This preview shows pages 1–4. Sign up to view the full content.
This preview has intentionally blurred sections. Sign up to view the full version.
View Full DocumentThis preview has intentionally blurred sections. Sign up to view the full version.
View Full Document
Unformatted text preview: The second law an important case: constant T and P ( w = 0 ) q = q P = H S surr = q surr , rev T = q T = H T S total = S surr + S = H T + S which can be rearranged (by multiplying by T where T is always positive) to: H T S As T is constant, H T S = ( H TS ) Because H TS involves only changes in state func tions of the system, we define a new state function, G , the Gibbs function or the Gibbs free energy G = H TS ( G ) T,P (1) < spontaneous; = reversible; > impossible. 1 The second law (continued) an example Given that: C P (ice)= 37 . 7 JK 1 mol 1 C P (water)= 75 . 3 JK 1 mol 1 H fusion (ice,273 K)= 6025 J mol 1 calculate H , S , S surroundings , S total and G for the melting of 1 mole of ice at P = 1 atm and T = 10 C. Is this process spontaneous, reversible or impossible? Explain your answer! 2 The meaning of G Consider a reversible process for a simple system with w 6 = 0. Writing the first law for a reversible process dU = dq rev + dw rev = TdS PdV + dw...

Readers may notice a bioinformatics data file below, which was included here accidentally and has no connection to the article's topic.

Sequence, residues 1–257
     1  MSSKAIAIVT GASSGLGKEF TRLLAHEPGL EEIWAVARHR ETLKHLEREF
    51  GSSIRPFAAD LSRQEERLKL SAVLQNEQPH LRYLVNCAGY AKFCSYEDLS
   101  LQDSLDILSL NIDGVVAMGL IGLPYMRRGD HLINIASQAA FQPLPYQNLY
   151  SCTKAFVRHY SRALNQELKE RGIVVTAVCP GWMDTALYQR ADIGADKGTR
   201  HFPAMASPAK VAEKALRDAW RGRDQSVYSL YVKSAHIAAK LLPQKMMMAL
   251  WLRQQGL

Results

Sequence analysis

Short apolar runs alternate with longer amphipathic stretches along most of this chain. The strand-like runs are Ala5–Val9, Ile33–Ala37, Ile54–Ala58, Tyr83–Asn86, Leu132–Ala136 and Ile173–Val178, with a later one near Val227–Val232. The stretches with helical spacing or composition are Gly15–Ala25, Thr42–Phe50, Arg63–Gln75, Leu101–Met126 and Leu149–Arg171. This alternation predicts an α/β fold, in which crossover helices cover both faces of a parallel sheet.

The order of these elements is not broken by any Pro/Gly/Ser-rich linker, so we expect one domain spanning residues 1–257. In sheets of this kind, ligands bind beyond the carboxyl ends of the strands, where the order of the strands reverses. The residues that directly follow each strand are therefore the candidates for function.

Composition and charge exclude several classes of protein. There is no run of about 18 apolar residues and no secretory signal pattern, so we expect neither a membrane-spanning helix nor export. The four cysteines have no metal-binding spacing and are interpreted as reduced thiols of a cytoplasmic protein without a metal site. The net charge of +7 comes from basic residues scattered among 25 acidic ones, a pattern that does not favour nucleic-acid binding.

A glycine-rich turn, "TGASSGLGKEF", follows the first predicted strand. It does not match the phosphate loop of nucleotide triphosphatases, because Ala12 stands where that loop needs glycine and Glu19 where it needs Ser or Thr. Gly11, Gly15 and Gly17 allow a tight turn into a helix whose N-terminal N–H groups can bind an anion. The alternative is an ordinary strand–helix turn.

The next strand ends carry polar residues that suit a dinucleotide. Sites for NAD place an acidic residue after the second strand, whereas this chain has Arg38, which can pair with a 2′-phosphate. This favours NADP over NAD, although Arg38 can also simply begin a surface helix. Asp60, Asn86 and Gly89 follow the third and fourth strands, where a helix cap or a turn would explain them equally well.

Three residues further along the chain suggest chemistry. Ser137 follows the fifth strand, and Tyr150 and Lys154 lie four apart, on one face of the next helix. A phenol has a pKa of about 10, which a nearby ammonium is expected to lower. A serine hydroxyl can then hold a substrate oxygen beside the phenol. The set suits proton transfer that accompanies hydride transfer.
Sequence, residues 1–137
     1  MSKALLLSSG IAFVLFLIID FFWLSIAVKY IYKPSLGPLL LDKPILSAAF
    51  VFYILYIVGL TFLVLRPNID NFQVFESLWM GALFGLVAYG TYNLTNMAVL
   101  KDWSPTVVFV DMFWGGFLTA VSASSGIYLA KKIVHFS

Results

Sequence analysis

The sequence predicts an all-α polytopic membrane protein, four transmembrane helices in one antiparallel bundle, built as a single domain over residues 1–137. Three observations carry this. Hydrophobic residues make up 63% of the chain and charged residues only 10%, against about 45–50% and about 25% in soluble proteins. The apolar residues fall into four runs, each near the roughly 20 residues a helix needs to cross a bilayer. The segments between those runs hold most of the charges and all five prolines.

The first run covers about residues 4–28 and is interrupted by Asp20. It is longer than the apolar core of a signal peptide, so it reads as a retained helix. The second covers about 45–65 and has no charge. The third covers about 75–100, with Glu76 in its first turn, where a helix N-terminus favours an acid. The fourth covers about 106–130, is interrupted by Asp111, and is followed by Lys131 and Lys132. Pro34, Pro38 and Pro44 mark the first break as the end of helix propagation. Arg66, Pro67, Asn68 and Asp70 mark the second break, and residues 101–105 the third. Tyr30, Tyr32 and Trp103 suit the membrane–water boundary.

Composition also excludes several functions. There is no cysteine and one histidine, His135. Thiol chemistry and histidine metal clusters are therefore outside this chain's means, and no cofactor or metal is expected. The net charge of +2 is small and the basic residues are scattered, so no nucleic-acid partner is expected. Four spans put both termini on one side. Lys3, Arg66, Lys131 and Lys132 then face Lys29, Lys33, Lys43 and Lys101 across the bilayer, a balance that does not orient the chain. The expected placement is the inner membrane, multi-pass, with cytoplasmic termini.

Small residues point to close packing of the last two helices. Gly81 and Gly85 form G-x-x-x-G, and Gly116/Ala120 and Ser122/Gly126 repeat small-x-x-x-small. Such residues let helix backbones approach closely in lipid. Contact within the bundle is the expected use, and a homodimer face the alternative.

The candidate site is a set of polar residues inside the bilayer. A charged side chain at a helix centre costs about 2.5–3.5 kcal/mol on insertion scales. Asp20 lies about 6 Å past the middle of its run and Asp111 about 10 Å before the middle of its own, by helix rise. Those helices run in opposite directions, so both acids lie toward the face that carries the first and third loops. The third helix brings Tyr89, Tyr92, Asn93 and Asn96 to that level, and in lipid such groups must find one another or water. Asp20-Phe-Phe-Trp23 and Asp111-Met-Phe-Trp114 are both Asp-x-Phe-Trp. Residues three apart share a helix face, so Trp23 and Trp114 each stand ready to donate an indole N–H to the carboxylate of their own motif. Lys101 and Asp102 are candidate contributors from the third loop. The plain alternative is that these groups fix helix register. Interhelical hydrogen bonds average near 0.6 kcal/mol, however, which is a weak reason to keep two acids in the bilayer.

View
Full
Document
This note was uploaded on 02/05/2010 for the course CHEM 205 taught by Professor Burnell during the Spring '07 term at The University of British Columbia.
 Spring '07
 Burnell

Click to edit the document details